I’m sure many of us have heard the terms mobility and flexibility before but what do they both mean? Are they the same thing and what do they have an effect on? Although the two terms are sometimes used interchangeably, they are not the same thing, but one might have an effect on the other.
Flexibility is how much a soft tissue, that is a muscle or a group of muscles, is able to stretch or how much is can lengthen whereas mobility is the range of motion of a joint and how much freedom of movement there is in that particular joint. This is affected by the various ligaments and tendons that attach at the joint as well as the muscles surrounding that joint and the joint capsule itself. This means that flexibility is part of mobility which is in turn affected by the flexibility of the muscles connected to that joint. So one might ask which one is more important; flexibility or mobility ad how can we improve at both flexibility and mobility? Since movement happens at joints not muscles mobility is by far the more important of the two. Try stretching a muscle for example your hamstring – inevitably there needs to be movement at the hip, so although it might seem that your hamstrings are very tight the main problem might be coming from your hip joint. Lack of mobility usually arises from lack of movement in a particular joint which will lead to stiffness in the ligaments and tendons and shortening of the muscles and this can usually be found in the hips, shoulder and upper back or spine. A few things that you can do to increase your mobility are self-myofascial release (SMR), mobility drills and exercises and stretching.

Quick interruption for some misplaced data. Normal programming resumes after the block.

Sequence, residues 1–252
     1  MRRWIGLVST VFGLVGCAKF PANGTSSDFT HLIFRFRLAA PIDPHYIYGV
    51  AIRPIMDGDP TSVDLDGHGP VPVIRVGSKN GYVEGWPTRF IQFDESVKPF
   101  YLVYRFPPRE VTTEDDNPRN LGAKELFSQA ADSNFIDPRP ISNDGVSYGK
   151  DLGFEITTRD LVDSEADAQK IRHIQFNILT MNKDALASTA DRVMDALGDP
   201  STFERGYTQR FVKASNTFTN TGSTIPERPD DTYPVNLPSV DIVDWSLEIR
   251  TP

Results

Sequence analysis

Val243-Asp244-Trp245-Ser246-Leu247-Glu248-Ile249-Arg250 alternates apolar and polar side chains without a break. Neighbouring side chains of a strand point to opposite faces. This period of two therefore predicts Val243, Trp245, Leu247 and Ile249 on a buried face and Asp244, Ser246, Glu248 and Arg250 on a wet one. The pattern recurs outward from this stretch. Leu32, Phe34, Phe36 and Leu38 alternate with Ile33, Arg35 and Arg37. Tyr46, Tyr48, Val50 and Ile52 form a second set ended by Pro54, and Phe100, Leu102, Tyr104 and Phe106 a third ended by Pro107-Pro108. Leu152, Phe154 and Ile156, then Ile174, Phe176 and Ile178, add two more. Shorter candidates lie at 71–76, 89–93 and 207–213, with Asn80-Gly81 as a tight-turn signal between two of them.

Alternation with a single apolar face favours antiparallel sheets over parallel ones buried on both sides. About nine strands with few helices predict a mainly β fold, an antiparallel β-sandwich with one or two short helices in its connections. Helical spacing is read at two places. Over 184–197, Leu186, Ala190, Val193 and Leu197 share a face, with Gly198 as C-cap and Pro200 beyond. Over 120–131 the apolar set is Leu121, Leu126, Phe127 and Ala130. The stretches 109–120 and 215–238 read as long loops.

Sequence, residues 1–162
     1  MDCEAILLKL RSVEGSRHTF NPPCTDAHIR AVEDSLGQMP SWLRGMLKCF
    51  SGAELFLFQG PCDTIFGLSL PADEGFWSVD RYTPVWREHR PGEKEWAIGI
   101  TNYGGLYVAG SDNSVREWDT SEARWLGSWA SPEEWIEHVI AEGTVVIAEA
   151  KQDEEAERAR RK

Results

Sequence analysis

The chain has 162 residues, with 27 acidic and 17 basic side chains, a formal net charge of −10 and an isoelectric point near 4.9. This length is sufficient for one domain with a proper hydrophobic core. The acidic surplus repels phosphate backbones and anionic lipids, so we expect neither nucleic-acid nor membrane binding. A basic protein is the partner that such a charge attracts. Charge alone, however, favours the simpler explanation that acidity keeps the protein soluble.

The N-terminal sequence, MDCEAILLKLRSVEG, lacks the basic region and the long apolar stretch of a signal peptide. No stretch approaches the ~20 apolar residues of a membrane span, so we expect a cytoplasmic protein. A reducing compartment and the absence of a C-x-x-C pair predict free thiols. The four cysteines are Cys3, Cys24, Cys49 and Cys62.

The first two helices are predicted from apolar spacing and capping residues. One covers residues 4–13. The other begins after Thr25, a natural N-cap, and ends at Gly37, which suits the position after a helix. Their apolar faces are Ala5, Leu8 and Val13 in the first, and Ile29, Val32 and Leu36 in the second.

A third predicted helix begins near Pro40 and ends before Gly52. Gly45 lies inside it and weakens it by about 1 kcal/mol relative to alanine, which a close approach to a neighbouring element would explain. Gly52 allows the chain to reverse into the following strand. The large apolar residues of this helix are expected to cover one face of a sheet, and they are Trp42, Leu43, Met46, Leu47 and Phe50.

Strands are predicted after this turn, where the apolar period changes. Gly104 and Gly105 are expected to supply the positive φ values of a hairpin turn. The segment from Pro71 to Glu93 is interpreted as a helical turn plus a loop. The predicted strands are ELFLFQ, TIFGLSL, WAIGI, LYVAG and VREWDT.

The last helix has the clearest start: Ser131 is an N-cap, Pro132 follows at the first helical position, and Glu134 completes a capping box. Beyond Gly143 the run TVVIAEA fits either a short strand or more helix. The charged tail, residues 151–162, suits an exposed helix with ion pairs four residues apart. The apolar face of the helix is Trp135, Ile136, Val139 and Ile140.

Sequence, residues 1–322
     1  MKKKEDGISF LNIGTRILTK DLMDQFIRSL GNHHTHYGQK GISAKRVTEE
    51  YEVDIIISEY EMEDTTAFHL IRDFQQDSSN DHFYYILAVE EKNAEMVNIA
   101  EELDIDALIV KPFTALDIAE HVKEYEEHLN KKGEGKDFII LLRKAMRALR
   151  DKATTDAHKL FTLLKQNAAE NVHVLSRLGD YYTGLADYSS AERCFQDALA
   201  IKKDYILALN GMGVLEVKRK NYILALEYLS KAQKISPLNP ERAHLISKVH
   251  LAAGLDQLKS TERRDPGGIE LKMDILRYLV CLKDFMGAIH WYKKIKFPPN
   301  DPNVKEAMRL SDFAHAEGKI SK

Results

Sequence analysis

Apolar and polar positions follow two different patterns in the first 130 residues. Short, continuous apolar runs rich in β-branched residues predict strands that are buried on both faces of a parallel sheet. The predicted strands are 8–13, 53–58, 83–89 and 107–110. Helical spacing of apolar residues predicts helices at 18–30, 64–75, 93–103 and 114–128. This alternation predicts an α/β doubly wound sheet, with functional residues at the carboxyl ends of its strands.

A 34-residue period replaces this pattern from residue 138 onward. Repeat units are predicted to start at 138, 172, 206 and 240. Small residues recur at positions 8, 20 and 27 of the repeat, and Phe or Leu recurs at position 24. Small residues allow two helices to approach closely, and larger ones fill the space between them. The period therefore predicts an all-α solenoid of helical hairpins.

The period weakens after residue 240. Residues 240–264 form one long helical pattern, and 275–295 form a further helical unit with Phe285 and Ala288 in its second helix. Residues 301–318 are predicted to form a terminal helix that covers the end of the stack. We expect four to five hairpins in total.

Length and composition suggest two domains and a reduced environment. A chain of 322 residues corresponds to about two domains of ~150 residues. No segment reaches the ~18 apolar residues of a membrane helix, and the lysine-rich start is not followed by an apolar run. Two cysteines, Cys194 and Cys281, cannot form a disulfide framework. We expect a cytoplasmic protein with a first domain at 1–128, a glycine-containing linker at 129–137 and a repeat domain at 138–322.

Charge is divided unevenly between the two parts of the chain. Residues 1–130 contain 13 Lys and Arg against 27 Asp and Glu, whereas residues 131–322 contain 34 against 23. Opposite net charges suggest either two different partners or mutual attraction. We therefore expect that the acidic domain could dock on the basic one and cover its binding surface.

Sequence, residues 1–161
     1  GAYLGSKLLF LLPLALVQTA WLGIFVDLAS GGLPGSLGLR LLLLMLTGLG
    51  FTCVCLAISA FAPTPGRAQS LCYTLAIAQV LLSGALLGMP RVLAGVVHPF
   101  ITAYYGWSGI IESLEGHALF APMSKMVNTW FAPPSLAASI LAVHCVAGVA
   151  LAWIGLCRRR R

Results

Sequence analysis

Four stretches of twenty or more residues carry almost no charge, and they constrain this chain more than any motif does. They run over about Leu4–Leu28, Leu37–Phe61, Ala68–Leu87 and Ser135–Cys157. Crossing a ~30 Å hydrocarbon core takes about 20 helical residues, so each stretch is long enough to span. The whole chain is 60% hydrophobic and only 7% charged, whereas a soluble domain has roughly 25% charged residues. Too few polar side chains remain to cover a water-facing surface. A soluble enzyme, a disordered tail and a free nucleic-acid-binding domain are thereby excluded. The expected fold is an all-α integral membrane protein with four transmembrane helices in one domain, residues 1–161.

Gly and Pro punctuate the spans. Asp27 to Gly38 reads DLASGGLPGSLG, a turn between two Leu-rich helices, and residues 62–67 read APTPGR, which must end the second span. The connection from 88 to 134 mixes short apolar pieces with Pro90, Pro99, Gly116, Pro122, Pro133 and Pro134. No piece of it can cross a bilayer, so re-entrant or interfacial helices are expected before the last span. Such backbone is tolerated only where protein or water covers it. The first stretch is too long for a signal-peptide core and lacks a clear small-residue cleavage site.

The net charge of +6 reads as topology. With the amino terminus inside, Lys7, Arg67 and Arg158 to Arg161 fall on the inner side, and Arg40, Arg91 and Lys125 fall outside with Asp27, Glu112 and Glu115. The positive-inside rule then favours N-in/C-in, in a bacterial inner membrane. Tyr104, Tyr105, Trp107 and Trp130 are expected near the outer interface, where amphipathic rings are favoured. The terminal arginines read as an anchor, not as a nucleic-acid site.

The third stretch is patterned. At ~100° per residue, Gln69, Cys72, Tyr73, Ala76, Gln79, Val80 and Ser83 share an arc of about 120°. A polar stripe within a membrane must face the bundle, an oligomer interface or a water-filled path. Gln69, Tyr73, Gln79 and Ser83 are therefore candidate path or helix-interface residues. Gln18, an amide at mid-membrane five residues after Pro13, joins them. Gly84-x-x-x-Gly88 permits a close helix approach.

SMR, otherwise known as foam rolling is when you use a foam roller or a stiff ball like a lacrosse ball to release tight spots and knots in the muscles or very close to the joint. Although this is usually quite painful try and stay on that tight sport for around 30s and then move to another. By releasing these tight sports you are essentially freeing up the soft tissues for better movement. After that, move on to mobility drills which are exercises specifically targeted towards increasing the range of movement in a joint by activating dormant muscles and releasing trapped one and improving motor control. Examples include holding the bottom of a squat position for some time, down dog which is great for shoulder and upper back mobility and world’s greatest exercise targeting your spine and hips. Lastly, also stretch specific muscles or muscle groups but make sure that you use a good posture.
Do give the above techniques a go to start improving your mobility now. Mobility not only improves our performance in the gym but also our way of life. It reduces the chances of getting injured, decreases tension and pain in the joints and might also correct any imbalances that we might have.